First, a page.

Saturday, July 28, 2007

CONF 475: SUMMER READING

John Baker's got a great thing going on his blog this summer. He asked a whole selection of writers, known and unknown (even including little me), this question:

What phases are involved in the creation of a text?

I've just read 2 entries: M E Ellis can do 10,000 words in a day AND she has kids! I warmed to her immediately she's very funny. Poet Ernesto Priego dreams in text! 'letters, words, different kinds of fonts dancing around.'

I started my holiday novel last night, Margaret Atwood's Alias Grace, just in case I don't get into it. It'd be nice to turn up by the pool with an unputdownable already nicely on the boil.

Now look at me, it's not yet 8am, I got up early to write synopsis thoughts I had on waking and I haven't started...

Bye bye, thanks for visiting, come again soon.

Friday, July 27, 2007

CONF 474: BEGIN AGAIN


The first week of the summer holidays has been quiet and relaxed. Nothing happening writing-wise. The journalism has been taking up my time, still more to do today. When that's out of the way I will settle down to writing a new synopsis for novel - ? um, 6. This is to a briefing by an editor, to be submitted to Favourite Agent soonest. No news on that front, and I have to confess am a bit coy about writing about it here because although there have been discussions, nothing is settled in the slightest.

The sun is out and doing its dappling this morning, so wonderful after our weeks and weeks of rain. A friend called by yesterday afternoon. In the gaps between showers we walked her dog in the woods. It was sensational, everything so intensely green and lush. We picked wild flowers and blackberries, using her doggy poo bag as a carrier and just hoping the dog held off (it did). I should get out there more, the morning walks and bike rides have stopped, mainly because it's been chucking it down with rain every day and I've had so much work to get through, but when daughter's up (ha) I'll nip out for a bit.

We're almost definitely moving come the autumn. Can't afford to stay here. I won't miss it too badly. It's a lovely, quiet little house, and it's situation beside the river and the meadows is special. But when you rent you can't make a place your own, you can't put pictures on the wall or make it how you want, psychologically you're always in temporary mode. it hasn't exactly been the friendliest of neighbourhoods, haven't met anybody in fact, which is a first I think, for all the places I've ever lived. The Miserable Neighbours' 3 kids have got noisier, and for that reason alone I won't miss being here. Now that the decision has been made to move it's a relief and I'm looking forward to the change. I actually like moving, which is just as well as this will be the 6th since daughter came along.

Knowing that eBay is there is a comfort. We're moving into a flat without a garden (yipes, but there is a balcony and a communal garden) and it's good to know I can put stuff up for sale and wait for friendly, jolly people to come along, give me some cash and take it away. The Wendy House went last weekend. At the moment we have the most gorgeous multicoloured woollen hammock up for sale, bought by partner in Columbia many years ago. Stored ever since, in the hope that one day we'd have room to put it up somewhere but it's never happened and probably never will.

Bye bye, thanks for visiting, come again soon.

Friday, July 20, 2007

CONF 473: END OF TERM

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Over-did it a bit on the work again last week and have been making myself take it a bit easier.

The journalist's submission of Jane Austen's work to literary agents and editors threw up this article about the real reason publishers miss good books. I must confess I didn't think 'not quite right for our list' meant 'clearly unpublishable'.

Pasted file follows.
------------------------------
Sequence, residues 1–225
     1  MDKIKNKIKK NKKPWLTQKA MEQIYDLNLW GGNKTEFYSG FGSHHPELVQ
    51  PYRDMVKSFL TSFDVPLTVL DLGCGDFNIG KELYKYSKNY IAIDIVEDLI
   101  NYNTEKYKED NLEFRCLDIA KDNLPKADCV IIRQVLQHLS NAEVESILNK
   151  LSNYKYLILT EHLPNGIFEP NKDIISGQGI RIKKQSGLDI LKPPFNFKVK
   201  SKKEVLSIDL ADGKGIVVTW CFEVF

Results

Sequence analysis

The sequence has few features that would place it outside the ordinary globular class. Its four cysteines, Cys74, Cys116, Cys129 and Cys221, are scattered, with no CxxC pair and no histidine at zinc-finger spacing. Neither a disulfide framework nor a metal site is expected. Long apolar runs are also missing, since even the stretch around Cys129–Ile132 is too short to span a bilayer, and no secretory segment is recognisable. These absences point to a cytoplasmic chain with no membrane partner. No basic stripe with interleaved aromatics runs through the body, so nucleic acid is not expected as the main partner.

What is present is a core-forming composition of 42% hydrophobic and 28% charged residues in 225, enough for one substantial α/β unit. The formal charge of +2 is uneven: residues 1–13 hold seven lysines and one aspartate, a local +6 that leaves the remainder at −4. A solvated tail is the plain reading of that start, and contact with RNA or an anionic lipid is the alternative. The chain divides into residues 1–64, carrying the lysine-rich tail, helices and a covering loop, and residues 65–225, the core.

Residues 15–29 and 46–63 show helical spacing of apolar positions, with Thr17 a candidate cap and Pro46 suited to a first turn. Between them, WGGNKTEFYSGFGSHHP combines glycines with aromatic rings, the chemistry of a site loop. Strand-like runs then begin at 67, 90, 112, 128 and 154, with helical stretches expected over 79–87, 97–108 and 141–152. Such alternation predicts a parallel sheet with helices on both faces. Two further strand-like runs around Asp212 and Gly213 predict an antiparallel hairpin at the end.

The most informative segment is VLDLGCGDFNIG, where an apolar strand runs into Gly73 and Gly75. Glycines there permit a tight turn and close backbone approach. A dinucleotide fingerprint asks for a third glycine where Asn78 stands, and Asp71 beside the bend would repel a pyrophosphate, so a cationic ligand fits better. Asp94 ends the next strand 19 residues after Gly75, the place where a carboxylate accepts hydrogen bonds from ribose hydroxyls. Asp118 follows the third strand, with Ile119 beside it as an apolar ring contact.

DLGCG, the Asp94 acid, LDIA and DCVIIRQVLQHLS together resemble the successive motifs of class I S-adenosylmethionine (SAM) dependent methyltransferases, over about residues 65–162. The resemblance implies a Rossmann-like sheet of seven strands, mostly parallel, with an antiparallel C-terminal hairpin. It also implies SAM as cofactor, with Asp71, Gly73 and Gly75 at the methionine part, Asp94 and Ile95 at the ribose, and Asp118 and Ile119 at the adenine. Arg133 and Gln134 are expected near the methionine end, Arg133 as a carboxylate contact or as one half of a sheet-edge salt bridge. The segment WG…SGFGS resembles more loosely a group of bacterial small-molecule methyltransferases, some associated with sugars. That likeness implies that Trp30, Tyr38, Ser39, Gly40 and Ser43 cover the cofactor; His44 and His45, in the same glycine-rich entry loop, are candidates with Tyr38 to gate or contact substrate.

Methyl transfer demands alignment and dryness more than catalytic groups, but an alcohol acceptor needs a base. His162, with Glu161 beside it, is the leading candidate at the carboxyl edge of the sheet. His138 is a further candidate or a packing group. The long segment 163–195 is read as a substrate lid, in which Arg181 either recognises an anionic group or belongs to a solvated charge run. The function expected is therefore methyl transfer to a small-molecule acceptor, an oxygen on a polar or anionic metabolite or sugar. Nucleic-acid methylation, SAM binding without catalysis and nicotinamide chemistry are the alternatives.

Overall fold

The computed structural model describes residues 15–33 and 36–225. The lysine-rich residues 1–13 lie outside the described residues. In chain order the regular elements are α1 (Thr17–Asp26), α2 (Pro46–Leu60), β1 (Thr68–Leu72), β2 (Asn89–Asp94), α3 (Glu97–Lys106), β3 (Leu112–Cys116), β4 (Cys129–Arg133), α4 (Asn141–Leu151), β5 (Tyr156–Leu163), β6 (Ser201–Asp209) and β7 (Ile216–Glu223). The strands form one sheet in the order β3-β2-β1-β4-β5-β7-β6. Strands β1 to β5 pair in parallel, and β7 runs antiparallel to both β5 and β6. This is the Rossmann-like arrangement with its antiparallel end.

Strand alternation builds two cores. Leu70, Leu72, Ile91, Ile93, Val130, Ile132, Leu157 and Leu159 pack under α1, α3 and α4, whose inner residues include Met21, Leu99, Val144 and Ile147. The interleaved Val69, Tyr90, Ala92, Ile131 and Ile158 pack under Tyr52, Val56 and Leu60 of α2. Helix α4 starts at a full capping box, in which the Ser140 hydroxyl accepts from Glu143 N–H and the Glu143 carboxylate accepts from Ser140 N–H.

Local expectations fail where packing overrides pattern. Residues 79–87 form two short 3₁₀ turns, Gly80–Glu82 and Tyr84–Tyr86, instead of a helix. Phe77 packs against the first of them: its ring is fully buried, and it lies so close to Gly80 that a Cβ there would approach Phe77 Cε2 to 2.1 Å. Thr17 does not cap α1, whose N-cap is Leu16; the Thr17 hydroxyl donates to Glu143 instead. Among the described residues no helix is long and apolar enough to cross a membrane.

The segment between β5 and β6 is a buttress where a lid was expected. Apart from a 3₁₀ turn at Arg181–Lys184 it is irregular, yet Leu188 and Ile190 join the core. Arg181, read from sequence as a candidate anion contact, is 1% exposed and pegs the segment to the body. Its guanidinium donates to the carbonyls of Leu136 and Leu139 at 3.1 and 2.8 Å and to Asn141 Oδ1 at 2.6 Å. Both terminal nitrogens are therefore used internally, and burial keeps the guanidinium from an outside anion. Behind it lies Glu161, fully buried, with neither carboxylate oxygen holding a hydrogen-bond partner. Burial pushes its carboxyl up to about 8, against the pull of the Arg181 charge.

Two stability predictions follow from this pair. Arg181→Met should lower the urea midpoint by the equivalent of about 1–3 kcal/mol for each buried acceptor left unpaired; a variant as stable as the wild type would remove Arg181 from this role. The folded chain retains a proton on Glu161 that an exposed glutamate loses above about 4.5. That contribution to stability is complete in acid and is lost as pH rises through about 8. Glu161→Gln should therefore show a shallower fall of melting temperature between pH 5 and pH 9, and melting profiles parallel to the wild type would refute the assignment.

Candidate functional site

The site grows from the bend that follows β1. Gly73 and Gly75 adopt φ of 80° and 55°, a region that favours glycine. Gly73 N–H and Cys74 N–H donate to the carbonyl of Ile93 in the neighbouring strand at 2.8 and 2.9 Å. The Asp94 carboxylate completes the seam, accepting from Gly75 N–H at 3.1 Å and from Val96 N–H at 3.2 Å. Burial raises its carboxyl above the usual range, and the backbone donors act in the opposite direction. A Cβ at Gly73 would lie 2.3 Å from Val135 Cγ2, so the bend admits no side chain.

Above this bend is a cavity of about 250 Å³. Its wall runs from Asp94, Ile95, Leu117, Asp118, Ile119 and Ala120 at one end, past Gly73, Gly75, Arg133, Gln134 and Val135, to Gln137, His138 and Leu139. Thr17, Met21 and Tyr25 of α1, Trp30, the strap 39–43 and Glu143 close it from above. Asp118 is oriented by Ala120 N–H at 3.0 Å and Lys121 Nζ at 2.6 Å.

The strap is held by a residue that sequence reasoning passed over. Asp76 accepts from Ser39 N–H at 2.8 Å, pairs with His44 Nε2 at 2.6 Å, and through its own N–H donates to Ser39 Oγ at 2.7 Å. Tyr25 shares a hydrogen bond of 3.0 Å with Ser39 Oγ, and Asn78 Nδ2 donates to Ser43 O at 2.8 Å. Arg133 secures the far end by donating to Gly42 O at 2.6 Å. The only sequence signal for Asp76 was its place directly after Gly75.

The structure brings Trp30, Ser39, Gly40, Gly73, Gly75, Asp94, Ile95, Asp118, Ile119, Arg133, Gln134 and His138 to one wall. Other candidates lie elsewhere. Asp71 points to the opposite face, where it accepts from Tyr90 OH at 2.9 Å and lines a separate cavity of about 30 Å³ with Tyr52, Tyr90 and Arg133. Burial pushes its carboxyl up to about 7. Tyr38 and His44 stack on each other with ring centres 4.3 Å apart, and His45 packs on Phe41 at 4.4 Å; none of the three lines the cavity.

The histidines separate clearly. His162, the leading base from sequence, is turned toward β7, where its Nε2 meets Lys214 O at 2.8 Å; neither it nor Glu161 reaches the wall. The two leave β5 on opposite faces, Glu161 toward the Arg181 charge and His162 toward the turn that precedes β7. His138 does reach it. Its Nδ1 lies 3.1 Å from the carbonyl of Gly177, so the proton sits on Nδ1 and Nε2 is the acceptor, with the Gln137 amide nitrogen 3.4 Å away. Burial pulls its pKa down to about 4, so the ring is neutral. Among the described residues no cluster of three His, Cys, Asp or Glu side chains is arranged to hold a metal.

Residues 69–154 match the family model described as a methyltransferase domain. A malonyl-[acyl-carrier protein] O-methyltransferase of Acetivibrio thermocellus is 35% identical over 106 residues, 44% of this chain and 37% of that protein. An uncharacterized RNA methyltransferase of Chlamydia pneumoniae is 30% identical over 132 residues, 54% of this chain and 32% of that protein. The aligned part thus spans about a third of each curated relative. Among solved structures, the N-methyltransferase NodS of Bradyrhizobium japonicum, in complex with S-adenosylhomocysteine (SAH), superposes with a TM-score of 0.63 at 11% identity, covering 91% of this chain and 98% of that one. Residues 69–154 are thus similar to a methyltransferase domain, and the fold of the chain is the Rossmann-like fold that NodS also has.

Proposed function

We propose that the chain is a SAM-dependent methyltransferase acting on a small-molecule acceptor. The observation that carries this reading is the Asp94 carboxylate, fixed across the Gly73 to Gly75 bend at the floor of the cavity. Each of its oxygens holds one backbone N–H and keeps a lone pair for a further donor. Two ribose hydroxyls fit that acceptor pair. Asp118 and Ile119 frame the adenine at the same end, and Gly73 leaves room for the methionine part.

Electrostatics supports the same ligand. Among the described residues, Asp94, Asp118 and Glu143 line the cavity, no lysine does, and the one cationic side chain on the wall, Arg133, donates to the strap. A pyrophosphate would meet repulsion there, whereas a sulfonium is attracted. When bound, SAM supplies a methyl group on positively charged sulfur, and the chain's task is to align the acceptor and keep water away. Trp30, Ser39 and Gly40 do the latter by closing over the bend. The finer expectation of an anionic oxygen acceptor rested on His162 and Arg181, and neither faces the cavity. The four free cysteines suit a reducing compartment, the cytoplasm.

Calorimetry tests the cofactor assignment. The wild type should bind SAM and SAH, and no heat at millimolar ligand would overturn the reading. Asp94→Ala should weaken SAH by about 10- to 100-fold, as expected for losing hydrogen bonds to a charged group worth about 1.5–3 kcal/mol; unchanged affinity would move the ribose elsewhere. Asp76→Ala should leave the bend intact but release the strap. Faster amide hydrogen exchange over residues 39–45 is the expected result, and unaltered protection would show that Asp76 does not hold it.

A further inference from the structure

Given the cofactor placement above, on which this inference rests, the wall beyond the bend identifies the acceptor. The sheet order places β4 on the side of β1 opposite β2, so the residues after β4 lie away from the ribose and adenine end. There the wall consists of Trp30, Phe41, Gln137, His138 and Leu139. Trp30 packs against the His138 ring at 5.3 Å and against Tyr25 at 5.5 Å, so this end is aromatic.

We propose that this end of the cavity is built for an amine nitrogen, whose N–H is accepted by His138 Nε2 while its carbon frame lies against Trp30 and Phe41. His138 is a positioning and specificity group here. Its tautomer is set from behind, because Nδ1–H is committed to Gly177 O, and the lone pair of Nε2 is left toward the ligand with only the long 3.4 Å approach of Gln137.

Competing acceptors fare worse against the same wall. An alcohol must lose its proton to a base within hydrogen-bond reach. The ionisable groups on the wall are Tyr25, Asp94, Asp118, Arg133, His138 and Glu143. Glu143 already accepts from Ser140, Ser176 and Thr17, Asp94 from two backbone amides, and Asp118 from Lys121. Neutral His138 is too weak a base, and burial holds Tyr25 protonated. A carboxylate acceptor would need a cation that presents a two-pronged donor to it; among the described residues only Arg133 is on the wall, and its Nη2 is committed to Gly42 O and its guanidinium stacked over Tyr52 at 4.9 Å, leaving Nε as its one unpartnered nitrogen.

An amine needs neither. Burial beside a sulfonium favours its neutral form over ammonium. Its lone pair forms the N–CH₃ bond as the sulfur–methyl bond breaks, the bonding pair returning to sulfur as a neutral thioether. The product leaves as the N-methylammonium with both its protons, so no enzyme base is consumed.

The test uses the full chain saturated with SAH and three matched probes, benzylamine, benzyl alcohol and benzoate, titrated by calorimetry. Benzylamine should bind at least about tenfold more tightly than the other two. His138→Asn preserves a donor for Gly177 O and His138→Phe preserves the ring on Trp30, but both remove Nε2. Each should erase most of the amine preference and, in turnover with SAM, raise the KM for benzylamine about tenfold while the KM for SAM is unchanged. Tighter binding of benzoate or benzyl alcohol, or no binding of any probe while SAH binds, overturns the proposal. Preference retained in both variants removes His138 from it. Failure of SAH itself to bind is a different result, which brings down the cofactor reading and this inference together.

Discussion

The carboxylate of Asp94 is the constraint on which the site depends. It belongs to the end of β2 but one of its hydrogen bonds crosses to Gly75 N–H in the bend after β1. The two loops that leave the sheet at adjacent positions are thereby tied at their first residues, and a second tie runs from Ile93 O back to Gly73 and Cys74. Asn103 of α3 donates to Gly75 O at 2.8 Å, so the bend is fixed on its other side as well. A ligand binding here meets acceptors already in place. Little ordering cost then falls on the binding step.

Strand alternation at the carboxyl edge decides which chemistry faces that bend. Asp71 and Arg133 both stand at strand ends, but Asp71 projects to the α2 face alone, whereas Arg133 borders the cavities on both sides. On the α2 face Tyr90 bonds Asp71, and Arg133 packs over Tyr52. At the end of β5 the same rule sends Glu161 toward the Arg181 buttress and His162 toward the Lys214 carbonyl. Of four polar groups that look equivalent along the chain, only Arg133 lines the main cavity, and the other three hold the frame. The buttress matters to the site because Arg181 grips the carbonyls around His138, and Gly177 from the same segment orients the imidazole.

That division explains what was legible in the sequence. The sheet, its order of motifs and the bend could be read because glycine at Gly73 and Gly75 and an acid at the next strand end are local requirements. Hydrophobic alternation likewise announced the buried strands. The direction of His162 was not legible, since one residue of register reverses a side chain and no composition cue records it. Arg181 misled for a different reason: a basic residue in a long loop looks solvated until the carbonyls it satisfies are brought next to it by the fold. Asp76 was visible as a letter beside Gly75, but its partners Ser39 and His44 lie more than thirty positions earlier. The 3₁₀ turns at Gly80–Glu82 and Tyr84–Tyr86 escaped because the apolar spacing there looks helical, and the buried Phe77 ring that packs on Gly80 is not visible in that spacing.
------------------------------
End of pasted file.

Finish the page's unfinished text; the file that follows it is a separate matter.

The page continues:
Sebastian Shakespeare's piece about titles in the Evening Standard talks about the current trend for long narratives that need have little to do with the content:

The Yiddish Policemen's Union, by Michael Chabon, has shot to the top of the Evening Standard bestseller list. The novel may well deserve to succeed on its own merits, but how many of its sales can be attributed to its arresting title? The title bears little relation to the story - there is just one fleeting reference to the Policeman's Union in its 430 pages. But in that respect Chabon is following a well-established convention. The titles of Lord of the Flies, Catcher in the Rye and Bonfire of the Vanities all have a tenuous relationship to the novels in question. ... There was a fashion for one-word titles in the 1980s (Money, Ambition) and two-word titles in the early Noughties (White Teeth, Brick Lane and Small Island) but now the pendulum has swung again in the opposite direction. With newcomers, the long title is a good way of drawing attention to yourself. Recent examples include The Curious Incident of the Dog in the Night-time, A Short History of Tractors in Ukranian. .. So, does a title matter? Take the following: The Great Gatsby; Gone With the Wind; Treasure Island; Catch-22. If their authors had had their way, they would have been called Trimalchio in West Egg; Baa Baa Black Sheep; Sea Cook; Catch 18. In the end a good title is a mystery, like a book's sales.

Bye bye, thanks for visiting, come again soon.

Monday, July 16, 2007

CONF 472: TOUTING FOR A TITLE

Have been searching for a new title this week. I hadn't quite cottoned on how crucial they are in these No Logo days of ours where branding is all. What's needed is a killer, punchy, narrative sort like Virginia Ironside's No I Don't Want To Join A Bookclub. Bedtime reading has been Rogets Thesaurus and the Oxford Dictionary of Quotations. I made a long list, a mid list and then a shortlist and used my 10 minute slot at writing group last night to brainstorm with the girls. The one we finally all liked the best wasn't on the list at all. It came out of us nattering away about the general situation of the character in the book. Then gossiping about a writer who'd got a very nice deal on the strength of their own title, and then nicking a bit of that, changing it into something completely different and tagging it on to the natter thread. So, one up for brainstorming - not allowed to call it that any more.